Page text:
Congenital Muscular Dystrophy: Luke and Kingsley's Stories
Luke and Kingsley visited FDA and told their story of living with congenital muscular dystrophy (CMD).
CMD consists of a group of rare diseases causing muscle weakness at birth or early infancy. Individuals with CMD may appear “floppy” due to low muscle tone and may have poor spontaneous movements early on. Some children never gain the ability to walk, while others lose the ability as they grow older. In time, progressive weakness and joint contractures, spinal deformities, and breathing difficulties occur and may affect quality of life and life span. Some individuals with CMD may also have seizures and cardiomyopathy (enlarged heart).
The diagnosis of CMD relies on clinical findings, muscle biopsy, immunostaining of muscle that is abnormal in specific subtypes, and brain Magnetic Resonance Imaging that may show brain structural abnormalities indicative of CMD. Molecular genetic testing allows for genetic confirmation of some forms of CMD.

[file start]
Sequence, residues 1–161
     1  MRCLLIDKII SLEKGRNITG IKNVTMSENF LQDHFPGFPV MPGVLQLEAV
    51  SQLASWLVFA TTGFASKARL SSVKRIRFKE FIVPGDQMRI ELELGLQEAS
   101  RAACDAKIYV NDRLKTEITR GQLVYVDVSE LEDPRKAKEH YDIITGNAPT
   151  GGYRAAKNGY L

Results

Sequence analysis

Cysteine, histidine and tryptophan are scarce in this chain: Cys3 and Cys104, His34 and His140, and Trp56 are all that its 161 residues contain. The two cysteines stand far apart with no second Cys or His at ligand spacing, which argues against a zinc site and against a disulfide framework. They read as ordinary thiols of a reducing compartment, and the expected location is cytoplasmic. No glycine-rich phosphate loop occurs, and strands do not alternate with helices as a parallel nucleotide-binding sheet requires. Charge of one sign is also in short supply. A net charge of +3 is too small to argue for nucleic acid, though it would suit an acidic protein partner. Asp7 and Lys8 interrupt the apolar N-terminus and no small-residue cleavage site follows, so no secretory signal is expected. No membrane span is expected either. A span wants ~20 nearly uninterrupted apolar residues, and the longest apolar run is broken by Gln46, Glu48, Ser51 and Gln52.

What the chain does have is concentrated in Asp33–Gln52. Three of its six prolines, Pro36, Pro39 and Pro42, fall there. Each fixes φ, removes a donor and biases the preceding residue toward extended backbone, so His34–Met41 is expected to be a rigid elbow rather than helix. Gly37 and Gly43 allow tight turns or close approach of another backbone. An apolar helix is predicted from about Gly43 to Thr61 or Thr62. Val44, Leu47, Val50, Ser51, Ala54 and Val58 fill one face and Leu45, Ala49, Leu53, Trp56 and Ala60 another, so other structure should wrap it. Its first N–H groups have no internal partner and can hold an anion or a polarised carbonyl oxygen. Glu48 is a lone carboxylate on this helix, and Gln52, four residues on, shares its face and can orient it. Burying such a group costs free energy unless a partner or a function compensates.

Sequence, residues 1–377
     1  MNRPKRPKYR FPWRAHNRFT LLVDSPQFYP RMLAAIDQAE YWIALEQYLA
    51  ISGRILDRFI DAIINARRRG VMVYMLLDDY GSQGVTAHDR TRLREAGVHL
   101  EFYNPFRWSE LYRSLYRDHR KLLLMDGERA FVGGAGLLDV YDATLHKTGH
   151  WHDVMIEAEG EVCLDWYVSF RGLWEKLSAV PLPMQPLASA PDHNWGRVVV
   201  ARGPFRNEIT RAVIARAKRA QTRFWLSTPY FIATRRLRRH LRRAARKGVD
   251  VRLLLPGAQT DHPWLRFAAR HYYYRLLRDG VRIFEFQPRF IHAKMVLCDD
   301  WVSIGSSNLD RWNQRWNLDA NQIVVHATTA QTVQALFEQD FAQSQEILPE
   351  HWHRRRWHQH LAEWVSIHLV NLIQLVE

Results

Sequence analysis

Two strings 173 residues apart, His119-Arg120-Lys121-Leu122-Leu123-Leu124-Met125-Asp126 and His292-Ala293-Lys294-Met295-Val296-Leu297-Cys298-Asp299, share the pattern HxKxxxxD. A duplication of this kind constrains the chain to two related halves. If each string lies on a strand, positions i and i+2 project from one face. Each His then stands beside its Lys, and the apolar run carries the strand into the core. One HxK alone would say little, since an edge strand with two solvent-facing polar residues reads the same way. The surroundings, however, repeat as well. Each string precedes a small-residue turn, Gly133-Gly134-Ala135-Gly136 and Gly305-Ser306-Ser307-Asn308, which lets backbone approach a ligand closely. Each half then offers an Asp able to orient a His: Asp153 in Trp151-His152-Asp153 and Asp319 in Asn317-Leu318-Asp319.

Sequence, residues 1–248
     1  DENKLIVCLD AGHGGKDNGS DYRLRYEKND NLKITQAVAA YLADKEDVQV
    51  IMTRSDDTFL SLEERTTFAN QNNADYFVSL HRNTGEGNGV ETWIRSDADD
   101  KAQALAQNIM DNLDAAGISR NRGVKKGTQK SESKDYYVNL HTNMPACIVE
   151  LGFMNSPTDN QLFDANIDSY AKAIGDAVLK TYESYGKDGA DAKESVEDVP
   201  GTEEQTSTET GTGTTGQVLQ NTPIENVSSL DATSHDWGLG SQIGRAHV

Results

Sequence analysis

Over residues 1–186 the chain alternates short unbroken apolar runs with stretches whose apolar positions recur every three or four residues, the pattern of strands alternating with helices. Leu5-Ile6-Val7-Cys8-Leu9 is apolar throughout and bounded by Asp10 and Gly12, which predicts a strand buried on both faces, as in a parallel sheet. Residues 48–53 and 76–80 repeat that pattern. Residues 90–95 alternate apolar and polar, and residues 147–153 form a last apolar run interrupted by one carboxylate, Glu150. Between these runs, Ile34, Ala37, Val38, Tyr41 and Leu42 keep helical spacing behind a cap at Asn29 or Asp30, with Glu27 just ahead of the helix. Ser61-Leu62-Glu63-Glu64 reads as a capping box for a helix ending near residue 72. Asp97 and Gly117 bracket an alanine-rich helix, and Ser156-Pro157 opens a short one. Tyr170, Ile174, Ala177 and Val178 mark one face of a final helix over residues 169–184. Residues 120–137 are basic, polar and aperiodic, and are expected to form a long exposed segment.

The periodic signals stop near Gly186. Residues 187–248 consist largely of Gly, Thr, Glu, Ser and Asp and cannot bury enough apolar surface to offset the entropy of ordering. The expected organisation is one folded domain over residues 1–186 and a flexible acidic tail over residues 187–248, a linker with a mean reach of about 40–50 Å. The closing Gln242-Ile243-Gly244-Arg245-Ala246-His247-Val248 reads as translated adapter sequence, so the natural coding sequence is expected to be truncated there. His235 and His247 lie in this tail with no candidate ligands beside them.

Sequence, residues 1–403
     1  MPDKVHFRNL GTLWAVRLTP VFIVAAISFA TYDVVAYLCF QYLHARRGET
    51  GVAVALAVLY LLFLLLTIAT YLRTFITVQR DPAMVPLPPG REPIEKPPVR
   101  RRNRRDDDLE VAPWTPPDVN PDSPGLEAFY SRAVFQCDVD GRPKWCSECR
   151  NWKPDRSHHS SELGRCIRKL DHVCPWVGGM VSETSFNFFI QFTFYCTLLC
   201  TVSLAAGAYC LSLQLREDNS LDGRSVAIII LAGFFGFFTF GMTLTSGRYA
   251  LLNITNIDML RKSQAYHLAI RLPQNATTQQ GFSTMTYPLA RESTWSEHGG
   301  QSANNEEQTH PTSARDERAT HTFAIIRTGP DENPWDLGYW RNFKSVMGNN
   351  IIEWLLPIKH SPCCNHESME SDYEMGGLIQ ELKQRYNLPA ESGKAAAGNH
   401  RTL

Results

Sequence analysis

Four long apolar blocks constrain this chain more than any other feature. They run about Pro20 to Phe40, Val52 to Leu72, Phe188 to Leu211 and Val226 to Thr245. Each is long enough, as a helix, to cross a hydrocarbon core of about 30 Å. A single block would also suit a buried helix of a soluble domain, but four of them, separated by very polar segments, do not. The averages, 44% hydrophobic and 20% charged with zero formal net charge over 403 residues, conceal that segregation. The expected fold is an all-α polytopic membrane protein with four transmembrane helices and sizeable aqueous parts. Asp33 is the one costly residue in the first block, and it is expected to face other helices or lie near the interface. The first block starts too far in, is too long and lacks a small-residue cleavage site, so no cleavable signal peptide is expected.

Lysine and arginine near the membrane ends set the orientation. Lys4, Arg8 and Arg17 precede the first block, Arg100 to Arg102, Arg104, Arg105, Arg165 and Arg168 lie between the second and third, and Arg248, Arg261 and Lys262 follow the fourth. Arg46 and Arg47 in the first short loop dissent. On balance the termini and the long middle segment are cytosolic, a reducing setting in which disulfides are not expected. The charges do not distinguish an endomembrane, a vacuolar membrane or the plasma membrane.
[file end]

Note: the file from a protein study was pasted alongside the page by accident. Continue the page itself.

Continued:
Management of CMD is tailored to each individual’s needs. Management includes weight control to avoid obesity; physical therapy and stretching exercises to promote mobility and prevent joint contractures; use of mechanical assistive devices to help with ambulation and mobility; monitoring and surgical intervention for orthopedic complications; and monitoring of respiratory function. Some individuals benefit from assisted cough, noninvasive ventilation, or mechanical ventilation via tracheostomy. Individuals with CMD may also require medications such as laxatives to prevent constipation, medications for gastroesophageal reflux (GER), anti-congestive medications to treat cardiomyopathy, and anti-seizure medications.
For more information on congenital muscular dystrophy please visit: http://www.ncbi.nlm.nih.gov/books/NBK1291/#cmd-overview.
Resources and CureCMD: http://curecmd.org/